Media, Telecommunications, and Technology Challenges in Nigeria

technology challenges in nigeria

Nigeria’s technology scene has received a lot of attention recently due to the growing technology ecosystem, increased investor interest, and a youthful population eager to use technological solutions to address the many challenges in Nigeria that are plaguing the country’s economy. However, this growing interest comes with unique technology challenges in Nigeria.

 

For any firm looking to tap into the growth of the technology industry in Nigeria, it is important that you understand and prepare your company to address these technology challenges in Nigeria to increase your chances of success as a new entrant. Highlighted in this article are the main technology challenges in Nigeria’s tech sector.

 

Difficulty Accessing Capital

You need a good amount of capital for your staff to hit certain milestones, such as user acquisition targets, revenue targets, and product-market fit. The capital gives your team the ability to show those investing in your company the possibility of future returns. However, access to capital to fund new ventures is minimal, which is a major limiting factor in Nigeria’s technology industry.

Venture financing can be done in exchange for debt or equity. In Nigeria, venture debt is almost a no-go since banks offer loans at an interest rate of 17-25 percent. Therefore, those operating in the business sector typically opt for equity financing.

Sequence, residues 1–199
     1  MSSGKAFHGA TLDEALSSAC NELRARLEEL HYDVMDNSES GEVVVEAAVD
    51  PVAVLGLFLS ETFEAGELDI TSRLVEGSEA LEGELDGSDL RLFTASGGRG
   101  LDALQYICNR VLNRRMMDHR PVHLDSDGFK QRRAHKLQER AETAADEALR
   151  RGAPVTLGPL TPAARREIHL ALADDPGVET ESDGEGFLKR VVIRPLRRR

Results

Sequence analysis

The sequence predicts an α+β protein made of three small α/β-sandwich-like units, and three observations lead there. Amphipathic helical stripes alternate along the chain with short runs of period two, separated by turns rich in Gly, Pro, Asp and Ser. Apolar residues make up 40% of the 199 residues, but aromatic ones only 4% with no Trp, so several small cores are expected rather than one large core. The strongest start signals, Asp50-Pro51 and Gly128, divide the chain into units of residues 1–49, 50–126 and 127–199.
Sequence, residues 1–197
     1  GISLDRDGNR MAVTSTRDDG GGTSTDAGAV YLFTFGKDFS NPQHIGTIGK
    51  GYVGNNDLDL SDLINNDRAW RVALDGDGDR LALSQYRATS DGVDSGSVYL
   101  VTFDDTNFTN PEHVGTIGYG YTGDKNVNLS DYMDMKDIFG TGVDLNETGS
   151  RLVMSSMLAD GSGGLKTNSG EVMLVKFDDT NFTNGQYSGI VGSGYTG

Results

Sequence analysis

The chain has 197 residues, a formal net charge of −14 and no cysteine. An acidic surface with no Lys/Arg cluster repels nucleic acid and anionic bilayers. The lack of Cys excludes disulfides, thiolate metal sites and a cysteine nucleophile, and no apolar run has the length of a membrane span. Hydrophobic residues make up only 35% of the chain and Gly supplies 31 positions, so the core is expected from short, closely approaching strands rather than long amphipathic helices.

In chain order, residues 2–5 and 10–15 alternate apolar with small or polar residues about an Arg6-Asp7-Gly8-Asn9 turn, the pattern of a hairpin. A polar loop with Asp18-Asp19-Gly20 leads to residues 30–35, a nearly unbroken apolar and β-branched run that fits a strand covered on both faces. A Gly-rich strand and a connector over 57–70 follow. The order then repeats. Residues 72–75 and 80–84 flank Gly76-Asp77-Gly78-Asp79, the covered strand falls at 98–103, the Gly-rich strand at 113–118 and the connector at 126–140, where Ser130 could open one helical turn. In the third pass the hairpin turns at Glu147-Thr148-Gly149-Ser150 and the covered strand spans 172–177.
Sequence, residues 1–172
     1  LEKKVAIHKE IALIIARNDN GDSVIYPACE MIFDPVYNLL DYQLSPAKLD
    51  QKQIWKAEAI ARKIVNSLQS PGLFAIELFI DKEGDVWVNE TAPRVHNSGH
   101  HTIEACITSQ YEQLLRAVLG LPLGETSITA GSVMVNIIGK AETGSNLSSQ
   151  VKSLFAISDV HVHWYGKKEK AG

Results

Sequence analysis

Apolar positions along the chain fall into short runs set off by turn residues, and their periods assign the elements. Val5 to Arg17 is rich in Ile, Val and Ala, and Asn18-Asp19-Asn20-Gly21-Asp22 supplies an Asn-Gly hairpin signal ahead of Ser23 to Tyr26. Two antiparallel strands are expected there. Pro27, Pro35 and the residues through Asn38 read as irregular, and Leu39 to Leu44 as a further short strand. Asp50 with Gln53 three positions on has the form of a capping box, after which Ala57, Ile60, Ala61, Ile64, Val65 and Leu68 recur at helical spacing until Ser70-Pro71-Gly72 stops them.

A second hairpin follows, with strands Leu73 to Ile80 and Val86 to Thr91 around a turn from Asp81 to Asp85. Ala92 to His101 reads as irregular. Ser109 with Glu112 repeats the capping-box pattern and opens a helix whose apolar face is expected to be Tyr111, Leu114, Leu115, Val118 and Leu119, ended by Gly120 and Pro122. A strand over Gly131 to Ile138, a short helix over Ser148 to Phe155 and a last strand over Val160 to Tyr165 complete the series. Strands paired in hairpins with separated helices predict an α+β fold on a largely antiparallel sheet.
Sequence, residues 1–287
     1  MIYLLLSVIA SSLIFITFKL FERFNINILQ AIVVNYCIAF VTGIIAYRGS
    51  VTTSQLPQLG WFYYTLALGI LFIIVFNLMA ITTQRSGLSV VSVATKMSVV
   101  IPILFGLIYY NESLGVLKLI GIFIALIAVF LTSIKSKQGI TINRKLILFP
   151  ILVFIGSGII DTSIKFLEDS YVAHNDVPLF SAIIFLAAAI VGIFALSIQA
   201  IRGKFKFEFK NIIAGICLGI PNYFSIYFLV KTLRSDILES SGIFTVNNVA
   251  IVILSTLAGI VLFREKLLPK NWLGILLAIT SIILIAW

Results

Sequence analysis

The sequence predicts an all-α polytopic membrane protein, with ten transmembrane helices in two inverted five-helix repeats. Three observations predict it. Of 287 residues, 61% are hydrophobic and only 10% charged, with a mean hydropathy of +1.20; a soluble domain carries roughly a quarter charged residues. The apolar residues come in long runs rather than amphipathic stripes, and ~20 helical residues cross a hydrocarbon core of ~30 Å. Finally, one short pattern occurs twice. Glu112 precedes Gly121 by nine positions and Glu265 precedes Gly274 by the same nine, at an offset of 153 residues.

Over the years, the amount of equity financing has grown in Nigeria’s tech ecosystem, as local business owners are raising more funding from African venture capitalists. Also, with the many opportunities cropping up in the Nigerian tech space, there is an uptick in the number of foreign venture capitalists interested in investing in Nigeria businesses. In 2016, Nigeria led the way attracting 30% ($109 million) of the total VC investments ($367 million) in African startups. Investments in Nigeria-focused startups increased in 2017 by 5 percent to $115 million, coming in third after total amounts invested in South Africa and Kenya.